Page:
March 8 is International Women’s Day, a day that helps nations celebrate the elimination of discrimination against women.
Listen to Cheryl Diaz Meyer, a Pulitzer Prize-winning photojournalist, as she shares intimate details of and the inspiration for her recent project with NPR that shines a light on the last living “Comfort Women” of the Philippines. Click here to listen to the interview.
The “Comfort Women” story was supported by the Pulitzer Center and the Yunghi Kim Grant.
To learn more about Diaz Meyer, her work, and future exhibits, visit her website.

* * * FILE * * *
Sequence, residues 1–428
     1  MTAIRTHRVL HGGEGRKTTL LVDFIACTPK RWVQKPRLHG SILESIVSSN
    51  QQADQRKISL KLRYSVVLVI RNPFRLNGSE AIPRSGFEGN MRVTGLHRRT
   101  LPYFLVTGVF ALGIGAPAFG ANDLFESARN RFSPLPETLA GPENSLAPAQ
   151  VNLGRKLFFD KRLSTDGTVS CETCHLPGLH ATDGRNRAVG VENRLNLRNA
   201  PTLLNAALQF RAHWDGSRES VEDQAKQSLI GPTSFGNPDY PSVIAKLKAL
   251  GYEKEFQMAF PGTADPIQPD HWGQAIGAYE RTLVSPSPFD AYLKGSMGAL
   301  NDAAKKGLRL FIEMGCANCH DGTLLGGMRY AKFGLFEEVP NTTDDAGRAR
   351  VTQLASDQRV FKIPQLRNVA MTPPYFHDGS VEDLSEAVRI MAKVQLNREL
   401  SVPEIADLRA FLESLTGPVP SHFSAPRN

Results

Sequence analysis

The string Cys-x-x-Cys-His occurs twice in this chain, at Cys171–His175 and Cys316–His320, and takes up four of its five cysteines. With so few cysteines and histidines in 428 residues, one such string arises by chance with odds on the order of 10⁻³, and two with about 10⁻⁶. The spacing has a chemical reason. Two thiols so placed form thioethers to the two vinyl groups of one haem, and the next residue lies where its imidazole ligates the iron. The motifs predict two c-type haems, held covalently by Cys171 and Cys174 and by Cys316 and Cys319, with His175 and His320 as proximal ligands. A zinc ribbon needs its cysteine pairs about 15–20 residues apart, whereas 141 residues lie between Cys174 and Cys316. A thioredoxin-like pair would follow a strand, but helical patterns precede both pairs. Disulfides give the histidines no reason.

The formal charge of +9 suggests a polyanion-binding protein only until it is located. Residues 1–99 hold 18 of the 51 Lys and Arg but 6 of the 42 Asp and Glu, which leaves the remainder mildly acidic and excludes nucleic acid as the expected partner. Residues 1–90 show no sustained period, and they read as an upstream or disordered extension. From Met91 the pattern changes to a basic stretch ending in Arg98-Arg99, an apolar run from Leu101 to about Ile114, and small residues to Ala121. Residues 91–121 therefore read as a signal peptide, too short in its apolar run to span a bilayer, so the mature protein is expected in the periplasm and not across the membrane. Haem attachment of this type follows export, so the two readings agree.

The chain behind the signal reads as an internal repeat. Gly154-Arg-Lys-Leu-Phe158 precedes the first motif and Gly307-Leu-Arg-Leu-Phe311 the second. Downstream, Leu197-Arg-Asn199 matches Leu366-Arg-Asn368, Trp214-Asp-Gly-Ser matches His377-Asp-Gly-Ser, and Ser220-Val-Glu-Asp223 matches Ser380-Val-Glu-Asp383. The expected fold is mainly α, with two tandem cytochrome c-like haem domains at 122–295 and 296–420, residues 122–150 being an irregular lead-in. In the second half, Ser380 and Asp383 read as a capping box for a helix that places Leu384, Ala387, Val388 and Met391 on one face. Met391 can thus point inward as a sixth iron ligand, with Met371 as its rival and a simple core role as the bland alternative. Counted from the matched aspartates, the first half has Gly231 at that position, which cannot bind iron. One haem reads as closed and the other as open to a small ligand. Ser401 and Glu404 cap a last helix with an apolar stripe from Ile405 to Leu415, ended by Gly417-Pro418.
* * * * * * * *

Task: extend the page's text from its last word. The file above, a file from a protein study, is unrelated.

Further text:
View her photos and read the NPR article on the last living “Comfort Women” of the Philippines.
Filipina 'Comfort Women'
Photos by Cheryl Diaz Meyer
All over the Philippines, in grandiose mansions, schools, hospitals — churches even — women and girls were systematically raped and tortured in military brothels, some as young as 8 years old, as part of Japan’s effort to keep the Japanese Imperial Army soldiers from rebelling during World War II. Assaulted by up to 30 men daily, three quarters of the women did not survive their abuse. Of the estimated 1,000 "Comfort Women" in the Philippines, some 40 are still living. Most are physically frail, and some have succumbed to dementia. These portraits and quiet moments capture a story of survivors.